A reader responds to correspondence on the boycott of Israeli academics

The following letter was sent to the World Socialist Web Site in response to “An exchange of letters on the boycott of Israeli academics,” posted on July 17, 2002.

I am deeply impressed by your response to the young Jewish man who lost all perspective and compassion in face of the horror in the present Palestinian-Israeli relationships, and turned anti-Semitic in his blindness. I was very young, just 17, when I first came across these same forces in 1964, and like him, my mind was unglued for a time by what I experienced. We petit bourgeois can lurch from one extreme to another, you know. We always have. I am hoping you would forward this letter to him as an attachment.

I was born in Budapest in 1947 to parents who were literally lined up to be shot as Jews by the fascist militias of the Arrow Cross, scarcely two years before my birth. The sound of advancing Russian soldiers scared the fascists off, and so I was born in a neighbourhood beside the Great Synagogue, the largest in Europe, where nearly everyone carried a tattooed number on the arm. Literally, the designated ghetto.

1947 was also the year the Stalinists took power in a rigged election. The tyrant Rakosi and his closest Stalinist associates were Jewish. The Hungarian Revolution of 1956, as you know, had an inspired Workers Council at its core, but it is sometimes forgotten that dark forces also come out in revolutions. After all, Hitler got his start after the Bavarian Soviet was suppressed, and among his first followers were the murderers of many Jewish revolutionists.

I have in my mind’s eye, always, the bodies hung and butchered before my house of my neighbours, who were Jewish officials. In the disorder of the times, the Arrow Cross guys came back to the ghetto in 1956. Moreover, my father had tuberculosis in his youth, so it was not easy to find a country that would take us as refugees. We shifted around refugee camps in Austria, Germany and Holland.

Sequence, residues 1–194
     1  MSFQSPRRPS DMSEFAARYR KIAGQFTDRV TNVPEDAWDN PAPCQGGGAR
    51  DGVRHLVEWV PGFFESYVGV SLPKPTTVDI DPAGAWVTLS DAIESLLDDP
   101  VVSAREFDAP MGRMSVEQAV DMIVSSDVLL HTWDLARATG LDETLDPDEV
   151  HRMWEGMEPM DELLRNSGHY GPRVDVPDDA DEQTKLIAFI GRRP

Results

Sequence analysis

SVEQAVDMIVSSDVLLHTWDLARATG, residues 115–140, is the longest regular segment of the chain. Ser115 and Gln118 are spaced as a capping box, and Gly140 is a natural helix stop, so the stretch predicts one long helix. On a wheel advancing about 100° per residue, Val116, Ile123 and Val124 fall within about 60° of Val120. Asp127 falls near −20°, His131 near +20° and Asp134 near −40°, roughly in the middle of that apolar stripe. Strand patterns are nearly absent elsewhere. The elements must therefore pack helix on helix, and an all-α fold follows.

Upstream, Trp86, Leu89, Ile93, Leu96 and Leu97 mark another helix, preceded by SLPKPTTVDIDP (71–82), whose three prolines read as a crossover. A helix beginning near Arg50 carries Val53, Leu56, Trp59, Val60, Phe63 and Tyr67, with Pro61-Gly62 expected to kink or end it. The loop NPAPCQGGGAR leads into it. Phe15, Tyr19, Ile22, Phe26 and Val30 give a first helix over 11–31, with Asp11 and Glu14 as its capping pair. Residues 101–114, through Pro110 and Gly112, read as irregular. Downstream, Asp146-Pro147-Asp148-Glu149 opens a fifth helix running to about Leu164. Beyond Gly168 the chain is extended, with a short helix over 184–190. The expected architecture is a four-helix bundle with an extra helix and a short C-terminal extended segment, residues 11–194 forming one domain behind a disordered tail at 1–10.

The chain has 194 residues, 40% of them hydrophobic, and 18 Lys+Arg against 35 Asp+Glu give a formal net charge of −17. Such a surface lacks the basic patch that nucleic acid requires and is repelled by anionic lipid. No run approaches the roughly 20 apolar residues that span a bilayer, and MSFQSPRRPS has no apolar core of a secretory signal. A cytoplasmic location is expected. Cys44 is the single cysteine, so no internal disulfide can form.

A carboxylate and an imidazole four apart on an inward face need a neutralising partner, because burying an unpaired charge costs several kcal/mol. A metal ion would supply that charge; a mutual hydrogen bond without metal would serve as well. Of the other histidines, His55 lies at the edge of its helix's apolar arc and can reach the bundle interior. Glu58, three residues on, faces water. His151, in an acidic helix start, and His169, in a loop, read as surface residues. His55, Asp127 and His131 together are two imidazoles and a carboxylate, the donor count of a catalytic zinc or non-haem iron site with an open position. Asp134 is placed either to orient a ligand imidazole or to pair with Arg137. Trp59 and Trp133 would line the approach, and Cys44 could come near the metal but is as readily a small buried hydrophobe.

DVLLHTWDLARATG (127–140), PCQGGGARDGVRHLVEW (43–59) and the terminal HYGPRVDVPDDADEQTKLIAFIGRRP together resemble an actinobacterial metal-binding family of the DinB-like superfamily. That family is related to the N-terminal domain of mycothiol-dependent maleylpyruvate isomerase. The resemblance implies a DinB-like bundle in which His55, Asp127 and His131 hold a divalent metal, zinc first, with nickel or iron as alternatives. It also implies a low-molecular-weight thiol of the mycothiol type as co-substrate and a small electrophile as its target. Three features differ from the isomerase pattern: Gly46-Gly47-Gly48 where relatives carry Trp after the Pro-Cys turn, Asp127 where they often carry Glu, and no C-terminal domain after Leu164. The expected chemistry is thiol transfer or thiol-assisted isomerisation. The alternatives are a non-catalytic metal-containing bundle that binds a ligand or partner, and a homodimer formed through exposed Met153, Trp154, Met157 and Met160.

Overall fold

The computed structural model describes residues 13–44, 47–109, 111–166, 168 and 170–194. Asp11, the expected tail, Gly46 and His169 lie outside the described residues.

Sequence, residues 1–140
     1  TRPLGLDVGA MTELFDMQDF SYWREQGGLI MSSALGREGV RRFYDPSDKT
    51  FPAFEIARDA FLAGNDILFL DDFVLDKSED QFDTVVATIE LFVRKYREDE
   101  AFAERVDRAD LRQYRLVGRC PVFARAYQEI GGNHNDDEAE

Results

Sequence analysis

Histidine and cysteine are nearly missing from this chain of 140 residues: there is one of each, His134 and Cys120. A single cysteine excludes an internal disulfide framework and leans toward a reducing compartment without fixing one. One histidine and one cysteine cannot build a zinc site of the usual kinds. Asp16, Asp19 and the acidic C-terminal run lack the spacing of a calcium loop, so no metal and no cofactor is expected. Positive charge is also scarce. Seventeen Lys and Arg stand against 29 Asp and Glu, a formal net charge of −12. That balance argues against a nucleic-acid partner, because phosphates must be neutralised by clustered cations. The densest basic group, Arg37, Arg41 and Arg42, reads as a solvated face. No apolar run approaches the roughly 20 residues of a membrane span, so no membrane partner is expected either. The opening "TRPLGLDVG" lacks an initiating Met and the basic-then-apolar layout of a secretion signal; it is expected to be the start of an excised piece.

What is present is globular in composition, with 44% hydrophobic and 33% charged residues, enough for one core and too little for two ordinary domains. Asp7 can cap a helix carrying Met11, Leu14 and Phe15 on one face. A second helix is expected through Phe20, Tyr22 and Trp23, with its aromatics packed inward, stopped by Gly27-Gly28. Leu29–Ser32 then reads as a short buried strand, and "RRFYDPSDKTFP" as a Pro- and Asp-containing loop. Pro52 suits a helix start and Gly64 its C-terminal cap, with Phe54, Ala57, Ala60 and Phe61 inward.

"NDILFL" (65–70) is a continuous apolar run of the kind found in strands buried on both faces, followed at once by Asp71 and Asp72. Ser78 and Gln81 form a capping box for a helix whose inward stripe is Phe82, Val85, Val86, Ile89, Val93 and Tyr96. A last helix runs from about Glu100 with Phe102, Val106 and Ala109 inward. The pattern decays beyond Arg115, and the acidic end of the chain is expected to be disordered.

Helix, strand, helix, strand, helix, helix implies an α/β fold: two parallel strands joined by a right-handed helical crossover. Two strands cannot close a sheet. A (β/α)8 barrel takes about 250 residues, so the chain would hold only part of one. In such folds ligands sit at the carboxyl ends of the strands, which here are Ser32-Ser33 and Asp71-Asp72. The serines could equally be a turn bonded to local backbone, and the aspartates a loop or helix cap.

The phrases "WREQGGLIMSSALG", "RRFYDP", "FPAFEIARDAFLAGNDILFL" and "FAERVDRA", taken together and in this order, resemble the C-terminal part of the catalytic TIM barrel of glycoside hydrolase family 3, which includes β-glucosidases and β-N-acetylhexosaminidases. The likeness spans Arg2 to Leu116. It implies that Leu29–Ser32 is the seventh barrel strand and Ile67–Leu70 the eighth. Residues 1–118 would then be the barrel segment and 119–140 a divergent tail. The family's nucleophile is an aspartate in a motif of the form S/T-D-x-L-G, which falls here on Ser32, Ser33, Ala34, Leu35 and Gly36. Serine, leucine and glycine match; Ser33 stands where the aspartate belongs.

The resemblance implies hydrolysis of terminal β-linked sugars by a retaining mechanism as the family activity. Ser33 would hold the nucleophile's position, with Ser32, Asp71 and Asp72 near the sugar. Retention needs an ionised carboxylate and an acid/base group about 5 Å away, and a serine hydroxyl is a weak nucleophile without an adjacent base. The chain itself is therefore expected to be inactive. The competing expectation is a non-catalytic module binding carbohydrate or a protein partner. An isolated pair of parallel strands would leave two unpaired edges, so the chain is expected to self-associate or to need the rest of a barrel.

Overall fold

There were the Arrow Cross guys in the camps too. I may be among the very few living Jews who experienced pogrom, for there were many incidents in the camps—turning over of buses of Jews leaving for Canada was one of the things I remember, followed by a blockade of the dining room so that the remaining Jews, including me, could not get fed for days. A Jew was killed on the gangplank of the ship taking us to Canada. He had a leather coat, and a “nyilas”, an Arrow Cross hoodlum, went insane and stabbed him.

Not unexpectedly, I became a Zionist, helped by summer camp indoctrination and personal post-holocaust experience. My father pored over ultra-right Zionist papers day after day. He only left Hungary because my mother promised that we would go to Israel. Fortunately, she heard from her sister what life was like in the promised land, and put her foot down in Vienna. That’s why I received a very benign, actually pseudo-socialist Zionist education in Canada. Then there was a traumatic visit to Israel in 1964 that blew my young petit-bourgeois mind.

You see Israel was a poor place at the time. My Aunt Eva, I was told, was living among the poorest of the poor, the ultra-religious Hungarian Jews, the Satmar, who do not recognize or receive any help from the Zionist state to this day. You may have seen the wonderful picture recently of two Satmar or Naturei Karta folk marching among the Palestinian supporters at the Dunbar conference displaying a sign, “Authentic Rabis.”